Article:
Finally, look at CPM, which stands for cost per thousand. This is your cost per 1,000 impressions. As your frequency increases and you reach more viewers, your CPM will start to increase. This means that it now costs you more than 1,000 impressions than before. This will have an effect on the cost, relevance and frequency parameters.
For campaigns that are decreasing in performance due to the ad fatigue indicated by a high frequency, you will also notice the CPM and the cost per result will increase. Therefore, relevance scores will decrease. When you have a campaign that is improving, however, your frequency will increase again, but at a slower pace because you are reaching more than your target audience because of high scores.
Your CPM will stabilize or shrink slightly and, as a result, the cost per result will also decrease, thereby increasing the percentage of results and ROAS.
2: Create a custom report in the Facebook Ads Management
To measure the four main metrics in a reporting view, you want to create a custom reporting column in the Ads Manager dashboard.
First, log in to the Ad Manager dashboard is select Customize columns in the Columns drop-down menu.
In the Customize Columns window, remove irrelevant columns and, in the Performance section, select the check boxes to add relevance score and frequency. So under the Cost category, add CPM.
In the lower left corner, select the Save as preset checkbox is assigns the new column "CRFC metrics". Then click Apply to save the changes.
You now have a specific report view to use at the ad level of your campaigns.
3: compare and analyze metrics reports
Use the Compare feature to track changes in these four key parameters to measure the effectiveness of your Facebook ads. By using this function in data reporting, it is possible Keep track of how these metrics change over time while your campaigns are running.
This allows you to understand how your ads are shown and when to make changes, known as "update tests," to reduce the impact of ad fatigue.
One of the comparison report methods that you can use is a 7-day running analysis. This is where CRFC metrics are compared from the last 7 days to the previous 7 days.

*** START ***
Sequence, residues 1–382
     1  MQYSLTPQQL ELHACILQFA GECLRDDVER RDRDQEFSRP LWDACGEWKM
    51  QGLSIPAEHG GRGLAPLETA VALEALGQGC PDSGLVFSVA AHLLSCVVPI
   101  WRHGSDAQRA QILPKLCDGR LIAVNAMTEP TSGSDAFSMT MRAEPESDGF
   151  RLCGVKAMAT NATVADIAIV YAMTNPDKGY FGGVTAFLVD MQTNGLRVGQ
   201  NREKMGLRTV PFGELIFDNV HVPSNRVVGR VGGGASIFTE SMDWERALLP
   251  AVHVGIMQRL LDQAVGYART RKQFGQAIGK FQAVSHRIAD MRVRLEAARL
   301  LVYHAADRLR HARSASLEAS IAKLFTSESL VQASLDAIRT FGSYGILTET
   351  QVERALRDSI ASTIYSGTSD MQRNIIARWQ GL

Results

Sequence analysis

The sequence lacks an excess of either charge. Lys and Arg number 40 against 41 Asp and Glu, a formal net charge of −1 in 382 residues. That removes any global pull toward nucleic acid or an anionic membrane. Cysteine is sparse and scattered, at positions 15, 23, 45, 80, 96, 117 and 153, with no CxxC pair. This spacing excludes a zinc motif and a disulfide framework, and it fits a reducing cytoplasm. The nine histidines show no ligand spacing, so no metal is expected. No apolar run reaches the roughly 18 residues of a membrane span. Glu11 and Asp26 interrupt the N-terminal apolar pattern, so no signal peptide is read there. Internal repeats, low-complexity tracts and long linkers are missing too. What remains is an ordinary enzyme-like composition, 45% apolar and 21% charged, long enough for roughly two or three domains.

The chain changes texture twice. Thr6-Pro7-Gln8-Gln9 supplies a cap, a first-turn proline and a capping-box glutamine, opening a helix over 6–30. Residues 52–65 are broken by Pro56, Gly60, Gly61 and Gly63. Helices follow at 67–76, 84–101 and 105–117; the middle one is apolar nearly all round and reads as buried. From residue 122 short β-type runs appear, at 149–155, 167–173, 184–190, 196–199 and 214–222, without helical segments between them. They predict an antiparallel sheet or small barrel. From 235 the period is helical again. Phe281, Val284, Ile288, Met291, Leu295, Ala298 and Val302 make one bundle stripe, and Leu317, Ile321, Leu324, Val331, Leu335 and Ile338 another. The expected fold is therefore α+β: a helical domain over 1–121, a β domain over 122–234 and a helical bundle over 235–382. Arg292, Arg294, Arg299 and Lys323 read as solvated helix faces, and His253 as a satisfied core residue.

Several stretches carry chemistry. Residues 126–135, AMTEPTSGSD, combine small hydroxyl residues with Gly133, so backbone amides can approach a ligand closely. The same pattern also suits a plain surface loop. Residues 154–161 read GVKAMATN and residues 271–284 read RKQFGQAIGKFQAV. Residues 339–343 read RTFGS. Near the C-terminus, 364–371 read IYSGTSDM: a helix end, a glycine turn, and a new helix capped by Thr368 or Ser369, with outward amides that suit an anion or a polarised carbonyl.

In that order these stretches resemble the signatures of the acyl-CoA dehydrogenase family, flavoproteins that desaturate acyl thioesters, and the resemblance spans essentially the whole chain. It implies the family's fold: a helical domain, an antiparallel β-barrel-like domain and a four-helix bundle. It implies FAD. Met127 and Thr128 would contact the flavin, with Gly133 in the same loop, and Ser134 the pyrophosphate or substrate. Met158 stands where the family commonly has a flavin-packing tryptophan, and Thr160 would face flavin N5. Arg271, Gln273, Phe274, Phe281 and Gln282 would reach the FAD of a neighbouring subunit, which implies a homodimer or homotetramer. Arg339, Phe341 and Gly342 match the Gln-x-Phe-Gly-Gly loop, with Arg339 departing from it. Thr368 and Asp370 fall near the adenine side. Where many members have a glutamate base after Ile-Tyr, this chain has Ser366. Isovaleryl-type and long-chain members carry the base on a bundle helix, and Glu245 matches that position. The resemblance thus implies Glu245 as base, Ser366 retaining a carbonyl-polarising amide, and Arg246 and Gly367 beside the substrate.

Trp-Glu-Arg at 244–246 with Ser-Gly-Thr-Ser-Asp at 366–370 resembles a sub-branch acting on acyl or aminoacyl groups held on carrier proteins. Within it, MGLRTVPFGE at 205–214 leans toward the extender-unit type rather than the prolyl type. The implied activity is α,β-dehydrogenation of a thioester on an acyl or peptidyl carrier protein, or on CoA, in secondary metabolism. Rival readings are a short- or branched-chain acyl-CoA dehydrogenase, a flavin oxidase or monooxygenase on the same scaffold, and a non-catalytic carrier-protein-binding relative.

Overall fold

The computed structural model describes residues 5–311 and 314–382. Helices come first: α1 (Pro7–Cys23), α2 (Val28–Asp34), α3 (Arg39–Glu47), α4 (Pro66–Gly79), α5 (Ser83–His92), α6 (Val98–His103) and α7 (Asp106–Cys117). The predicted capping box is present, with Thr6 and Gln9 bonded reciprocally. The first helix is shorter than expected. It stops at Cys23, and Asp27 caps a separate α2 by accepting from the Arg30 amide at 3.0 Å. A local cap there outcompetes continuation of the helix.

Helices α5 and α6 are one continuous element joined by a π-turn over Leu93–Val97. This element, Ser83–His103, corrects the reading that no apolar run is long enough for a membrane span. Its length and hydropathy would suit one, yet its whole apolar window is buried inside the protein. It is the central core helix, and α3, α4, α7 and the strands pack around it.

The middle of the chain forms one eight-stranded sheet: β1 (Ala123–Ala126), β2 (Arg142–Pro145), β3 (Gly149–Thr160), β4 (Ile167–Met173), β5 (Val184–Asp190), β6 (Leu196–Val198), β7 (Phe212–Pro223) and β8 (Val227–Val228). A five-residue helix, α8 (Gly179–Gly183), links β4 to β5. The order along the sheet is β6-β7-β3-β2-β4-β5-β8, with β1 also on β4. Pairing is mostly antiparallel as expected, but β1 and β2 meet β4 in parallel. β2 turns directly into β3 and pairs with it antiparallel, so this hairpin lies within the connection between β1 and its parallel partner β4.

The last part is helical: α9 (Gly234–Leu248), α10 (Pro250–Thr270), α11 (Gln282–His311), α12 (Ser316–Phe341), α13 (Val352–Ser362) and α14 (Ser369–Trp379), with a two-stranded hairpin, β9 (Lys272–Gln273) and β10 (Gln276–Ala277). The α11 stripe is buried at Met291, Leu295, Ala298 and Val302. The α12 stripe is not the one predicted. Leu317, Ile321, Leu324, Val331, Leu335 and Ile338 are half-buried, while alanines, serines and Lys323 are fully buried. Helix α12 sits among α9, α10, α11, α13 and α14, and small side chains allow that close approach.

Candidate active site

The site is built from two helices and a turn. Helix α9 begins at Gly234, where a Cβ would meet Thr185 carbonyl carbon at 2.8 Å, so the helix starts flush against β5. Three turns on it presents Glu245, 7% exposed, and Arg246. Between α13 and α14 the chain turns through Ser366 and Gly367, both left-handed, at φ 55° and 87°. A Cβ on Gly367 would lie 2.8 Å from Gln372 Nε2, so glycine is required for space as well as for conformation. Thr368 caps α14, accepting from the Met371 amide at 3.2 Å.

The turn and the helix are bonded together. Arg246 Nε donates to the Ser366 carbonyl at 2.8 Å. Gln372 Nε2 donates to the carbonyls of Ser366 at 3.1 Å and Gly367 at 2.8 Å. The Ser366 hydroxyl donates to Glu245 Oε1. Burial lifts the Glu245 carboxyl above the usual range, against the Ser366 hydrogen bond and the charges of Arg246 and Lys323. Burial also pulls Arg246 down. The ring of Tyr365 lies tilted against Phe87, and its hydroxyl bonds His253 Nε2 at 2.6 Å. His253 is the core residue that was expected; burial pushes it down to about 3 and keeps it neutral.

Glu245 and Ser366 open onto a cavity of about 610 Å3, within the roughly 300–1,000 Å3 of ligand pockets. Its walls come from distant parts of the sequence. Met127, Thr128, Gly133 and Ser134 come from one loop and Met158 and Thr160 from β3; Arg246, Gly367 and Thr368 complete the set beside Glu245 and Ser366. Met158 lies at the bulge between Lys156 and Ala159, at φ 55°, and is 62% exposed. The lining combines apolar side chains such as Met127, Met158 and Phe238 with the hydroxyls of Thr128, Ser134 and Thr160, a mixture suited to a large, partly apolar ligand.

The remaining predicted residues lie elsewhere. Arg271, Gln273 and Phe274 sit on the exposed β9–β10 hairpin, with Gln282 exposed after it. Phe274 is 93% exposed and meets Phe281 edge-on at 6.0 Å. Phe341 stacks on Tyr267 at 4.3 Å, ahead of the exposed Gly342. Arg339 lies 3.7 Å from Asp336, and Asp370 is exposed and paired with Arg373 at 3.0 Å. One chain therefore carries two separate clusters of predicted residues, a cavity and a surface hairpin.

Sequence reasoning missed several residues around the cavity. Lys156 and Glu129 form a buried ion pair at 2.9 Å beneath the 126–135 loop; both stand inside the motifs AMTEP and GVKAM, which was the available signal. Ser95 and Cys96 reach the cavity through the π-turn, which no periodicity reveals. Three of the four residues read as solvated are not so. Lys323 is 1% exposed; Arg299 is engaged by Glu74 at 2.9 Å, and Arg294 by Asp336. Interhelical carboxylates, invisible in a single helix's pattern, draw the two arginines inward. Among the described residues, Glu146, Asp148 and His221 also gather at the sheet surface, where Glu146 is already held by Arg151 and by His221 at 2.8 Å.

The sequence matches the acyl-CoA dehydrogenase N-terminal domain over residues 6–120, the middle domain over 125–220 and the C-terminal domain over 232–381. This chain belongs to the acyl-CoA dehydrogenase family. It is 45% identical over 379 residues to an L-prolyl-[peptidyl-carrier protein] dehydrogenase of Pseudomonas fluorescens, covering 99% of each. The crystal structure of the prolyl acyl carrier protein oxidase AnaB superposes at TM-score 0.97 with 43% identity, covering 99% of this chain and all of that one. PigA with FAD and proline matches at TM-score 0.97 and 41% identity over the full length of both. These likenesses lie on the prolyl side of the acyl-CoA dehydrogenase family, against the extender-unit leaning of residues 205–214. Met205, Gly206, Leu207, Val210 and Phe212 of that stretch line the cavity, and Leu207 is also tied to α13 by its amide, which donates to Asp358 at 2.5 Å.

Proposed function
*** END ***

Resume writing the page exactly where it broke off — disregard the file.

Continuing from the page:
To use this tactic, go to the ad level of a campaign that has been published for at least 2 weeks. Once you're at the ad level, select the CRFC metrics reporting column you have created before.
Later, in view of the reports, select Last 7 days.
Finally, Switch the compare switch in the report view and the previous 7-day period will be selected automatically. Click Update.
Now see the arrows next to the titles of your columns, as shown below. Click the arrow of a column to view the change (from first to second) in actual numbers for the given metric, as well as the percentage of increase or decrease of the metric one.
Review this data for cost columns by result, relevance, frequency, and CPM.
In the following example, you can see that the cost per result, the Add to Cart action, increased by 26.67% from £ 1.50 to € 1.90. Specifically, the first ad in the top row increased by £ 0.77, the ad in the second row decreased by £ 0.35 and the third ad rose by £ 2.01.
By doing this 7-day rolling analysis level (comparing last week's data with the previous week), you will be able to identify when campaigns start to decline in terms of effectiveness due to ad fatigue. Then you can implement the update test to combat ad fatigue.
You will also be able to identify the opposite effect, when your campaigns increase in performance and you want find a winning ad in scale.
What do you think about it? Have you tried running a 7-day running analysis on your Facebook ads? What changes have you made based on your findings? Please share your thoughts in the comments below.